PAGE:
Pro tip: Including your social media channels, website, and contact information in your email signature can also prompt engagement and steer more customers your way. Moreover, delivering content straight to your customers’ inbox is the simplest way to stay in touch whether the business is booming or slowing down.
8. American Express feat. SiriusXM
Newsletters can also showcase special offers that you conduct along with affiliates. Like in this case, Amex is offering a reward for using their card on a partner website.
Pro tip: Consider separate opt-ins for the updates and offers for more advanced targeting. It can seem counterintuitive and trigger the fear of missing out. However, trying to sell to someone who is not looking to buy can trigger them to unsubscribe and never look back. If and when they decide to buy, they will remember you. After all, they will already have a positive association with the brand, thanks to the exquisite newsletters you have been sending to their inbox.
Interesting content organized into blocks and separated with color is what makes Litmus newsletter memorable. You can also try incorporating specific CTAs that are more appropriate for the content than generic ones.
This last example from Wishpond shows how to announce winners. The company certainly knows its way around designing the perfect newsletter. Visually appealing yet straightforward design combined with copy that cuts straight to the point is often the way to go.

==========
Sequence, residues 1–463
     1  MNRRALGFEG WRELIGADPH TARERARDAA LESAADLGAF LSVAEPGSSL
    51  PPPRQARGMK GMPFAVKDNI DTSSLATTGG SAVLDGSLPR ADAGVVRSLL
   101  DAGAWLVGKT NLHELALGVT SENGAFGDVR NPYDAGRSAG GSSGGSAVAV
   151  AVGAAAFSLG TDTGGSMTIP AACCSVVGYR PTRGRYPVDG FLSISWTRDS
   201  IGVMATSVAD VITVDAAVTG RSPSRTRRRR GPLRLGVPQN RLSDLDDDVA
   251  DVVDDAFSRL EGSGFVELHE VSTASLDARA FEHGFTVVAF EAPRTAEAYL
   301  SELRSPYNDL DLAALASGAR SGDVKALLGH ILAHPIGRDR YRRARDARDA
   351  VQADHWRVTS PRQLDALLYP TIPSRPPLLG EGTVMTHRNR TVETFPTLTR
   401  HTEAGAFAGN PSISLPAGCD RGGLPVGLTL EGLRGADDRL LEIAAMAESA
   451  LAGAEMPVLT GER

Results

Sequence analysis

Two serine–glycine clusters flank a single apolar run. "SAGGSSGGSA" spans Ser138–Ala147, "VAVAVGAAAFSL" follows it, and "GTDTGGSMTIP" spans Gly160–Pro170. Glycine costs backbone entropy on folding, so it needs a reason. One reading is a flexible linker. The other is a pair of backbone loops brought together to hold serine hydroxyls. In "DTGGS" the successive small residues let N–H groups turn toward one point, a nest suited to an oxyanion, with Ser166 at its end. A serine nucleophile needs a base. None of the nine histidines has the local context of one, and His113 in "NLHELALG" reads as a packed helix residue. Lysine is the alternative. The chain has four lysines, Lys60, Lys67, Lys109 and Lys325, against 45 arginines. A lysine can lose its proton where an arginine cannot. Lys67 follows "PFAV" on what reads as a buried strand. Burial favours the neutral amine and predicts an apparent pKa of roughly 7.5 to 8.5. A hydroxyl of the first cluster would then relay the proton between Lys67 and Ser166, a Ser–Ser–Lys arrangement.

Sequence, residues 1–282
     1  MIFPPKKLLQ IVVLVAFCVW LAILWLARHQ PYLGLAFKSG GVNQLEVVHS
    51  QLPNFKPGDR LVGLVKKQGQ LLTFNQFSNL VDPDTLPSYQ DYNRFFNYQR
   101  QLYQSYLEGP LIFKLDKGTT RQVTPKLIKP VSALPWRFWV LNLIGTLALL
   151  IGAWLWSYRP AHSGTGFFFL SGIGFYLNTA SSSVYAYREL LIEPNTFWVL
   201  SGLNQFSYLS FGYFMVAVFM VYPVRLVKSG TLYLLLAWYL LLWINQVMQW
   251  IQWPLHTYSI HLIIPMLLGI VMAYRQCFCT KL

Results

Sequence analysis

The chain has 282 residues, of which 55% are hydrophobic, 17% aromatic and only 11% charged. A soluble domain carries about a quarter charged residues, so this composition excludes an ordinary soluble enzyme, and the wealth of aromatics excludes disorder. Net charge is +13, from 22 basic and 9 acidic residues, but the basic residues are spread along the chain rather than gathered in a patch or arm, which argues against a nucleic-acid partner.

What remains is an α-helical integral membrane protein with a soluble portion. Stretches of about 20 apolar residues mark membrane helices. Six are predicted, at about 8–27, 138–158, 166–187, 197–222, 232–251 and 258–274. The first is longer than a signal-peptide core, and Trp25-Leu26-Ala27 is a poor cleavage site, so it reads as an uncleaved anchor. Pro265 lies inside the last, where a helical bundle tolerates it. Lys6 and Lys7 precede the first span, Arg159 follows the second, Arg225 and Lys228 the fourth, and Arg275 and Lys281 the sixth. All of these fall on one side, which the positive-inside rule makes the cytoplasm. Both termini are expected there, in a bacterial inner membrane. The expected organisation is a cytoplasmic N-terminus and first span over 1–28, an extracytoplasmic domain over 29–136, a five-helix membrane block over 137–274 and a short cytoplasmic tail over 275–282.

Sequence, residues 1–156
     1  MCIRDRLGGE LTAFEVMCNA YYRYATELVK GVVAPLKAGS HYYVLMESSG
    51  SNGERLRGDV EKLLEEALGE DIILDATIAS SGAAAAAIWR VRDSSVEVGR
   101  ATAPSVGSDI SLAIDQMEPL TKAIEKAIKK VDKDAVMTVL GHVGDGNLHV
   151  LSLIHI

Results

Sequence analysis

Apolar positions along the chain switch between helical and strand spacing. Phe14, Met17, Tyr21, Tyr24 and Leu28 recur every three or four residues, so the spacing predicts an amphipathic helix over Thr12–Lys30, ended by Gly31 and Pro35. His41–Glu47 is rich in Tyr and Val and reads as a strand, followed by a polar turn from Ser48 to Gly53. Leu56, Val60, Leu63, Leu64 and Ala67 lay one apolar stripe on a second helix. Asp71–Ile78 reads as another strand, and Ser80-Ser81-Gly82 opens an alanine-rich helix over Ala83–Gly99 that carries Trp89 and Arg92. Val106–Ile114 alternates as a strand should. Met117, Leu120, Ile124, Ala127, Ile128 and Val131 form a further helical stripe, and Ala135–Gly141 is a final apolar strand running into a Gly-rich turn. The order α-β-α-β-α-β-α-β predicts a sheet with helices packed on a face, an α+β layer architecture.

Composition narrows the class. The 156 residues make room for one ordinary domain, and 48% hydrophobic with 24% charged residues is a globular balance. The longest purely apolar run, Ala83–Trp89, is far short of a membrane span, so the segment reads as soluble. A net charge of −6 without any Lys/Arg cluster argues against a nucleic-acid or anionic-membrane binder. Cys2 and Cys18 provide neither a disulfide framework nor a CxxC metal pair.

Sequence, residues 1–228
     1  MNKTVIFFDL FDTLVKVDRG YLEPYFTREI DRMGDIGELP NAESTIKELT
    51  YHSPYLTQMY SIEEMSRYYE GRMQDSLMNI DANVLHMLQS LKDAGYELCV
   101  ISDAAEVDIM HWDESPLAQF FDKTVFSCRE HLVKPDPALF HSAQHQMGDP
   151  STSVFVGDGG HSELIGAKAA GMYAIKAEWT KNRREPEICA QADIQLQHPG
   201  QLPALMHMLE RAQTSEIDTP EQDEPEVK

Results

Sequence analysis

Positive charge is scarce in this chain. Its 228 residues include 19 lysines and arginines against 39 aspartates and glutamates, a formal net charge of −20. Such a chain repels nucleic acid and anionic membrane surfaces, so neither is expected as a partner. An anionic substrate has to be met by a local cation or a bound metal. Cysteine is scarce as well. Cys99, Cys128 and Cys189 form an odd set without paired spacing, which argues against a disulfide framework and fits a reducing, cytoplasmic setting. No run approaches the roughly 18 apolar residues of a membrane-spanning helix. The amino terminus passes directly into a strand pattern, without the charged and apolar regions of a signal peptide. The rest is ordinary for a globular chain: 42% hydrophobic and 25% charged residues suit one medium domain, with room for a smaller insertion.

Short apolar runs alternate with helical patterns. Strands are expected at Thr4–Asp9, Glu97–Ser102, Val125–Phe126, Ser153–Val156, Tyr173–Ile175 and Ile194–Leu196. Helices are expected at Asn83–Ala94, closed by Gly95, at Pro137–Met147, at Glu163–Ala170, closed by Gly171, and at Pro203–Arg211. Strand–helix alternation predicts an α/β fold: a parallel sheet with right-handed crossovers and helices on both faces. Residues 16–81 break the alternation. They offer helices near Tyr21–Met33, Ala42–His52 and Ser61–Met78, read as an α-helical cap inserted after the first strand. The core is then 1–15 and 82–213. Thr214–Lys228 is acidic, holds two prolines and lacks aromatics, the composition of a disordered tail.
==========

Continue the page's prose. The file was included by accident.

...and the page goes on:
Pro tip: Holidays and off-season periods can be the perfect time to launch giveaways. Besides building excitement, giveaways and contests can help spread the word and bring new prospects to your small business. Existing customers will be reinvigorated and may be prompted to spend more soon. After all, if someone has already bought from you before, they are more likely to buy again.
Re-engaging customers and upselling can quickly boost sales. This is especially true for small businesses that provide exciting, targeted, and relevant content in line with their buyers’ needs. For example, many retailers report that their sales and bookings soar immediately after sending out a newsletter update.
Email marketing is the most effective marketing strategy for small businesses. Newsletters and promotional emails have five times higher conversions than social media campaigns and a 42:1 ROI.
Using tools such as Mailbird and Constant Contact to automate parts of the process can help owners and marketers work faster and smarter.
And finding newsletter ideas can be as simple as browsing examples and templates for inspiration.
This is a guestpost from our friends at Mailbird, written by Iryna Poliakova.